Technology in 2017 had its fair share of controversies, from the Pixel 2 XL display issues to the FCC’s ruling on net neutrality. And just when we thought we had seen enough of them for the year, another new controversy started making rounds with Apple admitting to slowing down older iPhones. These are my thoughts on the issue and what measures Apple can take to solve the issue.
The heart of the matter
Some iPhone users on Reddit noticed that their iPhones (6,6s, SE and 7)slow down as the phones get older. And the post blew up on the internet with Apple issuing an official statement soon stating that it indeed does slow down your phones in order to prolong the battery life. Their claim was that Li-ion batteries degrade over time, they become less capable of supplying peak current demands. To make sure that phones don’t shut down unexpectedly when the battery is low and the electric components don’t get damaged.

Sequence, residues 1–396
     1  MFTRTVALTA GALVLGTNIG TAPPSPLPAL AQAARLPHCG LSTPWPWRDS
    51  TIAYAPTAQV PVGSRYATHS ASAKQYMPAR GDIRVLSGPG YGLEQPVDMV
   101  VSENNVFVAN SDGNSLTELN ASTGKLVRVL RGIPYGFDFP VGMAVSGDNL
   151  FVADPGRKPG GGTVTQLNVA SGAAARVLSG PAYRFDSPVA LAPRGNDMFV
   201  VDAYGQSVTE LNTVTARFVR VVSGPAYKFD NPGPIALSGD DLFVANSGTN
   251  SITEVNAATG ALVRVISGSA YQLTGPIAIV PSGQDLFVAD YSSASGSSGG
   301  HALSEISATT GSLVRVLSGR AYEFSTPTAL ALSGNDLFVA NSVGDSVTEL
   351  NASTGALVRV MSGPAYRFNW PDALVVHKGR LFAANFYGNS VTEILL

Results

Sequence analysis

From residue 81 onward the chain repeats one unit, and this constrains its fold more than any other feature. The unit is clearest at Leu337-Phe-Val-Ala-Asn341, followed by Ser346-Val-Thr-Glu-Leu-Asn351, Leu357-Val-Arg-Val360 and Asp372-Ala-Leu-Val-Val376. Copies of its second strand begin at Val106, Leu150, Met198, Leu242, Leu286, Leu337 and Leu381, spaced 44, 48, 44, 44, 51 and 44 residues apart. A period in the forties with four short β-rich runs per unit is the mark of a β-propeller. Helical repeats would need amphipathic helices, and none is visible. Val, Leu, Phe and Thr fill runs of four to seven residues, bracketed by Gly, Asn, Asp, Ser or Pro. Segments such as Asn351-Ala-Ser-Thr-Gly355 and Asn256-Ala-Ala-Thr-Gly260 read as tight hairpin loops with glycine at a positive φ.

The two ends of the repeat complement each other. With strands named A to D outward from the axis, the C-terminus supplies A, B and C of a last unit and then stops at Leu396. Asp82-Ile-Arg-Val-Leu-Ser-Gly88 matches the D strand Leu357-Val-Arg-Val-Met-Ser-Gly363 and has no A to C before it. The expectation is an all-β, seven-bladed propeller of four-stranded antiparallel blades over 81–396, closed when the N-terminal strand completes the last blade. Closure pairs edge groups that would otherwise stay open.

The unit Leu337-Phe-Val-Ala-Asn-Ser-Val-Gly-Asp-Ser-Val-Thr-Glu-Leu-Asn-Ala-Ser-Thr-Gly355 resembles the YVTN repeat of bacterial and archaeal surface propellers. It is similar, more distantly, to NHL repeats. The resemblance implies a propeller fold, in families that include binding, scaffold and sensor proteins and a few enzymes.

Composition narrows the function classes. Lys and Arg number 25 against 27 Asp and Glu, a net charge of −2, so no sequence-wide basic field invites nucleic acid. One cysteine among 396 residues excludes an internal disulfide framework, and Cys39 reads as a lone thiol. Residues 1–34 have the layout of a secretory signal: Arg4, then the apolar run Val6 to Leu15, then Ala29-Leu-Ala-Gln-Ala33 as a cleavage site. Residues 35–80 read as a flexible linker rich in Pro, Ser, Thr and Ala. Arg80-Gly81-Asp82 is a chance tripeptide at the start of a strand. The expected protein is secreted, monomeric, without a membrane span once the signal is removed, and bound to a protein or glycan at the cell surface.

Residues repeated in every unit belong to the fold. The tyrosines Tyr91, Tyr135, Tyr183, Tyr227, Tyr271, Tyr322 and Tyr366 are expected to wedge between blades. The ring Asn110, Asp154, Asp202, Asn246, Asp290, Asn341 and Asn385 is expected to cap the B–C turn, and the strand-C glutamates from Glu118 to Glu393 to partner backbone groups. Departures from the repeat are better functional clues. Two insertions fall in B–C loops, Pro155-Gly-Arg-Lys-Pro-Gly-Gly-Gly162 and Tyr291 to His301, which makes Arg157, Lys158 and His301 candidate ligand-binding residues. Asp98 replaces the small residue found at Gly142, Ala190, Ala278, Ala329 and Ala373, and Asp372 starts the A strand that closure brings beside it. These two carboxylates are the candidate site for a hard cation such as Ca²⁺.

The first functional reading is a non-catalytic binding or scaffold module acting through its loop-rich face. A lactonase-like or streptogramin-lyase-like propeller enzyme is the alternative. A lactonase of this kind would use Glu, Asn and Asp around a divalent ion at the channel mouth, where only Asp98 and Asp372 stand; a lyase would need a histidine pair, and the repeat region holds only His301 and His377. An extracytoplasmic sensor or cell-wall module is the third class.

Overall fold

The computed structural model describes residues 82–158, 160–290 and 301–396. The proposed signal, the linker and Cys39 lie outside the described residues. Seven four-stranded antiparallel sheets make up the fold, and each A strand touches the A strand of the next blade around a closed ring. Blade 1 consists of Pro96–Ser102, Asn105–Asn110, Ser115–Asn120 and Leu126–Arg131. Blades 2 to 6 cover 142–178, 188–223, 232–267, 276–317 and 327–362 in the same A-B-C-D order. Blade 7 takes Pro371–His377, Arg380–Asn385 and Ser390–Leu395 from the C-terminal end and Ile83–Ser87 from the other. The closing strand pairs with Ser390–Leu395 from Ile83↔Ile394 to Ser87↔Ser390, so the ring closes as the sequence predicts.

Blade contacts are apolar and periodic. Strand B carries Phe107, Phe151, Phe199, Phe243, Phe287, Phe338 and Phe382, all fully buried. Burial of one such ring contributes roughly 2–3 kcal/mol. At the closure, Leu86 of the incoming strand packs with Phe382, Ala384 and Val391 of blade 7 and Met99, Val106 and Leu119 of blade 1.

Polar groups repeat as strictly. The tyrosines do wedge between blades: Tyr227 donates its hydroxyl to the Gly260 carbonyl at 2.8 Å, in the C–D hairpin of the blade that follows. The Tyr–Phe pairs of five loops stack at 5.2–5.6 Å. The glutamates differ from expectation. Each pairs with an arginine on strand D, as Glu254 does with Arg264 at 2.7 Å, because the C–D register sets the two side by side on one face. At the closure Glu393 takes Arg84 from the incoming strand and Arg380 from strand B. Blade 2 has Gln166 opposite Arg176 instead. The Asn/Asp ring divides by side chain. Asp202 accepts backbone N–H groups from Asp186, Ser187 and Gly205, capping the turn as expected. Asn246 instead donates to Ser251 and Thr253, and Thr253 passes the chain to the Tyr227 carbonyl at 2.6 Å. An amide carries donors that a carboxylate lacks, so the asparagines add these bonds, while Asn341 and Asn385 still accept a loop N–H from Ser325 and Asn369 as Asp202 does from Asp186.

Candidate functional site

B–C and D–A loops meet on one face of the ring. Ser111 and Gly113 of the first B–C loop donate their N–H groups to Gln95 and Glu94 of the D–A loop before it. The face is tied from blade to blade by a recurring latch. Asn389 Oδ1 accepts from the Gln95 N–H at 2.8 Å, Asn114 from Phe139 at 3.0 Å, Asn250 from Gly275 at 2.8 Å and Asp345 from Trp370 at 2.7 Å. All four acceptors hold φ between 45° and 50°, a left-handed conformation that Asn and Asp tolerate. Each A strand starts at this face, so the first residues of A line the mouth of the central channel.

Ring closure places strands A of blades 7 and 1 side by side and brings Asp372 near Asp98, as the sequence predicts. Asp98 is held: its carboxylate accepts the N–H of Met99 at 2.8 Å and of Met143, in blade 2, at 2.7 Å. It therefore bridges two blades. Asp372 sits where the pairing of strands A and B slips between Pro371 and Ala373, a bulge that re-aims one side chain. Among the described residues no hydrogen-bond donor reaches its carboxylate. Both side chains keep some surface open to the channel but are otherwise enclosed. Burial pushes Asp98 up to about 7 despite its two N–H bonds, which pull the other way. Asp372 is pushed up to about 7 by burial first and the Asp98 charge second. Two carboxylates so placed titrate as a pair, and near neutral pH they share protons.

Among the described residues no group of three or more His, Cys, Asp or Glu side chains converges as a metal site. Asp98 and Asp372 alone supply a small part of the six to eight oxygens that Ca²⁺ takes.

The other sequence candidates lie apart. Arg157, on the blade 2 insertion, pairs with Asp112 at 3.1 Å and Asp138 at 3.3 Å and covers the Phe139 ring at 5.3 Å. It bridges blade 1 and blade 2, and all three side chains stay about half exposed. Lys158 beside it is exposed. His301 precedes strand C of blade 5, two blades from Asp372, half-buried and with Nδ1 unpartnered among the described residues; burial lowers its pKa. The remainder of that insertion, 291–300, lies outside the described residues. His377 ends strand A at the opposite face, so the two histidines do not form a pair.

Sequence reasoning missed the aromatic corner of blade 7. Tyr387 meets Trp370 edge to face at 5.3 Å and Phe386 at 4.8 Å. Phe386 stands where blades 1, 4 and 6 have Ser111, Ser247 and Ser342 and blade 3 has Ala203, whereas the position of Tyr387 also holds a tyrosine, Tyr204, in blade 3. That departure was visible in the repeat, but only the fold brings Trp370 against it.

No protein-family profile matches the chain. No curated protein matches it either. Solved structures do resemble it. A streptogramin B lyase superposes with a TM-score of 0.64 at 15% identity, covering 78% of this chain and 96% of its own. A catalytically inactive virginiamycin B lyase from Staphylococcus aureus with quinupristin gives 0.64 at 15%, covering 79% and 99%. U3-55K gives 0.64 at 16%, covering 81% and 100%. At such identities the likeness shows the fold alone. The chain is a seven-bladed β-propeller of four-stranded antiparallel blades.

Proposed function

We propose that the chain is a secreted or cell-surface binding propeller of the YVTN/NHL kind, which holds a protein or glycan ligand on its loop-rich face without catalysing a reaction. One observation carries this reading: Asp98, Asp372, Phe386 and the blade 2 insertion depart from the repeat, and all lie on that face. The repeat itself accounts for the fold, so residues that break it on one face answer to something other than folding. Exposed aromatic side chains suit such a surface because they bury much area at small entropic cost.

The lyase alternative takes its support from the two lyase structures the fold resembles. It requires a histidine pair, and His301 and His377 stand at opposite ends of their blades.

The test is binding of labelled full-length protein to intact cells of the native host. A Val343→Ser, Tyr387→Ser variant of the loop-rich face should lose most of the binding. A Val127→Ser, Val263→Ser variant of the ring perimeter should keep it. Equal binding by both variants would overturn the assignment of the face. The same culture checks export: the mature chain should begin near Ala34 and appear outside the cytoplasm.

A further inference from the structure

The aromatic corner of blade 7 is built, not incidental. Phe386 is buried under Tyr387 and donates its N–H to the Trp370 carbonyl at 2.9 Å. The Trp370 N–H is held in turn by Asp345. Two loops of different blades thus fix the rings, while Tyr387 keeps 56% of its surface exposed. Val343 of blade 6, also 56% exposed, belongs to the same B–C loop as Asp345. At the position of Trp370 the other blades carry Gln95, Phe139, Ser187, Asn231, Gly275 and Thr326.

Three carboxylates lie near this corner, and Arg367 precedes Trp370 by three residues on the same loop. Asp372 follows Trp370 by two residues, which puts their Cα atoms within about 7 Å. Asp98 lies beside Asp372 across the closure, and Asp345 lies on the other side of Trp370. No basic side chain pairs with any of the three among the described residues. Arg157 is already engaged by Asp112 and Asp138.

Is Apple’s claim justified?
Now at first, it does make you angry but after reading the post I kinda understand what they are trying to do. I’m pretty sure most of us android users have experienced random shutdowns when we are down to 15% on our year-old smartphones. I know I have experienced this issue, let me know if you’ve faced the same issue in the comments.The issue can also be resolved by replacing your battery on both platforms. However, the issue over here is not whether it is ok to do or not. The issue is that Apple did not inform its customers about this ‘feature’. No dialog box informing the user of the change, not even a mention in the changelog. Apple who takes a lot of pride in the relationship it has with its customers, this is a big no-no.
What can Apple do?
Well, Apple has already apologized and offered replacement batteries at a discounted cost. This is probably the best way to tackle the situation. But these costs will go back up as soon as the year ends, and the costs will increase significantly. One solution can be offering users different options. You either opt to work with slower phones or with phones that don’t have the best battery life.
Apple will probably remain unaffected by the whole controversy. I hope that other OEMs become more cautious when it comes to transparency.